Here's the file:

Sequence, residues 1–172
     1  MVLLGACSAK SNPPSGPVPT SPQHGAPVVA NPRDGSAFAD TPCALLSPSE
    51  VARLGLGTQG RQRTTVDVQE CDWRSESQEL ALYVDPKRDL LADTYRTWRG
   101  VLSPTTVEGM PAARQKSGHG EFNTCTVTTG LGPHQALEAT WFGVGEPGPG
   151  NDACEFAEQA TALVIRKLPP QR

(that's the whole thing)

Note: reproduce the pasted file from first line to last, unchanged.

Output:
Sequence, residues 1–172
     1  MVLLGACSAK SNPPSGPVPT SPQHGAPVVA NPRDGSAFAD TPCALLSPSE
    51  VARLGLGTQG RQRTTVDVQE CDWRSESQEL ALYVDPKRDL LADTYRTWRG
   101  VLSPTTVEGM PAARQKSGHG EFNTCTVTTG LGPHQALEAT WFGVGEPGPG
   151  NDACEFAEQA TALVIRKLPP QR